A Weird Imagination

256 color terminals

The problem

By default, terminals on Linux only use 8 colors (or 16 if setup to use bright variants instead of bold text). Everything else on a modern computer uses 24-bit color, allowing for millions of colors. More colors in the terminal would allow for better syntax highlighting and color output of various commands to be more readable.

In practice, while a few terminals support full 24-bit RGB color (at least Konsole does), it is not widespread enough to be used much. On the other hand, most terminals support 256 colors, which is significantly better than just 8.

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Tracker troubles

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I use a Nokia N9 as my cell phone, largely because its MeeGo operating system is Linux based and in fact the command-line can be used very similarly to any other Debian system. This also means Linux sysadmining skills can be used to work around bugs in this sadly no longer supported platform.

The N9 stores a lot of its state including contacts, messages, and call logs in an SQLite database called tracker. It turns out many people have had trouble with it failing, resulting in the contacts app showing the error Can't import contacts and the messaging the phone apps also showing no data. Those threads offer various solutions on how to get your phone back to a working state. In my case, I followed the instructions, and my phone worked fine for several months before failing in the same way again.

I followed the instructions a second time but noticed that it was giving disk full errors. On further inspection, it was clear that the disk wasn't actually full: it was actually out of inodes. After some work which led to my previous blog post, I found /home/user/.cache/telepathy/avatars/gabble/jabber/ had hundreds of thousands of files (and I don't have that many friends). Simply deleting them freed up all of the inodes and I haven't had any troubles since, although I've been making regular backups just in case.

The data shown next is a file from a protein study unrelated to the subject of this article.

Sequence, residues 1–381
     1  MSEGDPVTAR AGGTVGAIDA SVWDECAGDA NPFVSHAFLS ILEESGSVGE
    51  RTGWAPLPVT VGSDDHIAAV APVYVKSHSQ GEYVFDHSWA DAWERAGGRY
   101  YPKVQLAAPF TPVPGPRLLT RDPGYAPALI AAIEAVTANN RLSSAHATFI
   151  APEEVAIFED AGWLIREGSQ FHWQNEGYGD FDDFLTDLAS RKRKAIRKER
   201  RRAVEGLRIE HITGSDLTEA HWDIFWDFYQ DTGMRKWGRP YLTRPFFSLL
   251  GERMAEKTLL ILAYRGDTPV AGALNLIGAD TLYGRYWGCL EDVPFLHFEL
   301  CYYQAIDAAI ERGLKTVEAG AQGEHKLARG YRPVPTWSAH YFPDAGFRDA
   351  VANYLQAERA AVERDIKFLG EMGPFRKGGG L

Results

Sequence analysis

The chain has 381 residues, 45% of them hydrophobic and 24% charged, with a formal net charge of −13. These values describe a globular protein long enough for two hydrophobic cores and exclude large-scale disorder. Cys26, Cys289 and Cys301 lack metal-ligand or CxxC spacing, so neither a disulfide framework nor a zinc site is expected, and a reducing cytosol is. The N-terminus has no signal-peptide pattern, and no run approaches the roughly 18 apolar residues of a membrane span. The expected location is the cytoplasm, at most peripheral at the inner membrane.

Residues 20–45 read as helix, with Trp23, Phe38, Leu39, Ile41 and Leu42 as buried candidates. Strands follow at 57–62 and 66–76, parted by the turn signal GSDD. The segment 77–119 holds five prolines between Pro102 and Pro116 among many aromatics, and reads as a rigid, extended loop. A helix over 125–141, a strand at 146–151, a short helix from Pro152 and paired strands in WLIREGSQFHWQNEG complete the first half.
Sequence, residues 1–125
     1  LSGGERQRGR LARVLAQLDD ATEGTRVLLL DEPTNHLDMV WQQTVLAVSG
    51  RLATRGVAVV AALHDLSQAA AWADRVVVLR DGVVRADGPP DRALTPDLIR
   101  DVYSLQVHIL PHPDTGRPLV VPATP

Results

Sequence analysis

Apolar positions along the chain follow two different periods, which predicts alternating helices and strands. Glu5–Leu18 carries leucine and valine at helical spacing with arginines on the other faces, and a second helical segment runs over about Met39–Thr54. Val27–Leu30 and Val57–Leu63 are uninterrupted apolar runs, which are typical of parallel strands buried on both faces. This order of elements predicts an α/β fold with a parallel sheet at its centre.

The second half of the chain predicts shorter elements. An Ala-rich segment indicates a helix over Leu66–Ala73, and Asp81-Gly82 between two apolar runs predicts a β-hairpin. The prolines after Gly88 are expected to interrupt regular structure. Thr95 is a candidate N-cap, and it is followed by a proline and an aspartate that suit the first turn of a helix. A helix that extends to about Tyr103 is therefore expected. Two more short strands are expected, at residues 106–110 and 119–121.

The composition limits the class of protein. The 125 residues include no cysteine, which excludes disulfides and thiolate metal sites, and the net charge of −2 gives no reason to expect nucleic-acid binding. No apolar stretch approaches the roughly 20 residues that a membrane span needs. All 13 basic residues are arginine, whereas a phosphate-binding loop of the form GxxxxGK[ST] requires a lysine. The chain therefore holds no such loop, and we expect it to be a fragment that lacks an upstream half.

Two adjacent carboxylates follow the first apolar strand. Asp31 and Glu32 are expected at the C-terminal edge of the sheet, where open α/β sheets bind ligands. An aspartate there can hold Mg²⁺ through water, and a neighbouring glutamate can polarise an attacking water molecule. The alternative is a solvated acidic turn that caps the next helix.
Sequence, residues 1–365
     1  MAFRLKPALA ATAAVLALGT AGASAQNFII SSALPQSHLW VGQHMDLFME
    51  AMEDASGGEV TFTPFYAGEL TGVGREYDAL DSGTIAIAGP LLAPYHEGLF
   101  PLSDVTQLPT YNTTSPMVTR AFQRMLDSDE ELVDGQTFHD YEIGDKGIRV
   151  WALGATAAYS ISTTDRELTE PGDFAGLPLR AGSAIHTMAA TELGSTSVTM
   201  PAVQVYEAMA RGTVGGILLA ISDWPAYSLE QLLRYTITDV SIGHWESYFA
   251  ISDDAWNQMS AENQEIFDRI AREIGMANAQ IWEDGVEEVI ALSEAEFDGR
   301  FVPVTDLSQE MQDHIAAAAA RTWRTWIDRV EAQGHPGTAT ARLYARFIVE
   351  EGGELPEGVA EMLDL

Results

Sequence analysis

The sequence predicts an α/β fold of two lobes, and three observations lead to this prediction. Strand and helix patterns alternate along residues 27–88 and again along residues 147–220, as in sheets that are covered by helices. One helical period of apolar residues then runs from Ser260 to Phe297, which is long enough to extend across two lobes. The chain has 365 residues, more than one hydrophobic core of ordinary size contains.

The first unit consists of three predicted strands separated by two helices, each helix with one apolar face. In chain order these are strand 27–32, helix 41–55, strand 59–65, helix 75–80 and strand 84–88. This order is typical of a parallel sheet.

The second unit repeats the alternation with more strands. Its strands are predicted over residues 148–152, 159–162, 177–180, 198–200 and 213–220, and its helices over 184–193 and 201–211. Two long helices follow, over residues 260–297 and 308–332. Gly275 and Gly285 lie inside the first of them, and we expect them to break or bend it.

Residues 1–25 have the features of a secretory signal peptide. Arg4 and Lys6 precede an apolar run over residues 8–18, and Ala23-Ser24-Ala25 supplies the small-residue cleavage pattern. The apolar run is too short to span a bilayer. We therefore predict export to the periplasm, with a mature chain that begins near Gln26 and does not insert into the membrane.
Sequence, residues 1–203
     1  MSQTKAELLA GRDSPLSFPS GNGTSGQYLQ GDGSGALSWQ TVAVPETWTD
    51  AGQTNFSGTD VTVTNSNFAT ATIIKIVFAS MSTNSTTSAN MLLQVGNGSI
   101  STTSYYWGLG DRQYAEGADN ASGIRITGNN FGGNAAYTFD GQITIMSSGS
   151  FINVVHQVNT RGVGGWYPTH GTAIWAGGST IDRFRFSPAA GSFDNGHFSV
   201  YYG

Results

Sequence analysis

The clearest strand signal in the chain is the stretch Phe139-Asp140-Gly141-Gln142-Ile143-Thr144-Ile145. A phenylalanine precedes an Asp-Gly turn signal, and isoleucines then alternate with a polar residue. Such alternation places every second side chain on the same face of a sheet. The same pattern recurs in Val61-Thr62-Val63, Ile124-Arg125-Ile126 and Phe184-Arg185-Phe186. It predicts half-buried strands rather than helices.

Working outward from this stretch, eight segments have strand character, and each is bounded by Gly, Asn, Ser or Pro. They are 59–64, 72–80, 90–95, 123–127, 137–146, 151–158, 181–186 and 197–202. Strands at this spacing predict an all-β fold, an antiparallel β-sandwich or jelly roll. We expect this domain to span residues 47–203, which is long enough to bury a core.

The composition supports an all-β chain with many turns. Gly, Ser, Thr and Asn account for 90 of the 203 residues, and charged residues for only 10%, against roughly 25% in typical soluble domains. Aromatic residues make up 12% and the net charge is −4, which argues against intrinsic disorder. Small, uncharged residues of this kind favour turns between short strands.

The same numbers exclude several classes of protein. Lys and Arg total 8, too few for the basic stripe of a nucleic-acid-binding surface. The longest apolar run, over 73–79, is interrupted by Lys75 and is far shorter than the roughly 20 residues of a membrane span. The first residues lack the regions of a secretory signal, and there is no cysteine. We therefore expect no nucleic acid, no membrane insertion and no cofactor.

Recovering (some) lost data

While the files have been deleted, they may not have been overwritten yet, so there may be some hope of a partial recovery. The data for tracker is stored in /home/user/.cache/tracker/. df has the useful side effect of revealing which filesystem a directory is on:

$ df /home/user/.cache/tracker/
Filesystem           1K-blocks      Used Available Use% Mounted on
/dev/mmcblk0p3         2064208    793712   1165640  41% /home

Attempting data recovery on a mounted partition is a bad idea as the unused space might get overwritten by new files; it's best to make a copy of it. Now that we know where the filesystem is, we can copy it using dd:

dd if=/dev/mmcblk0p3 | ssh $hostname dd of=$file

Then we can examine the partition offline. Particularly strings and grep with its -A and -B options can search for known strings like names and phone numbers and nearby content. For example, searching for a phone number without spaces should find at least some of the associated text messages:

strings partdump | grep -A3 -B3 -F '+19175551212'

Unfortunately, this method is slow and unreliable. I've used it to recover a few text messages and a few phone numbers, but there's no clear way to automate it, so do not expect to recover all of your contacts and text messages this way.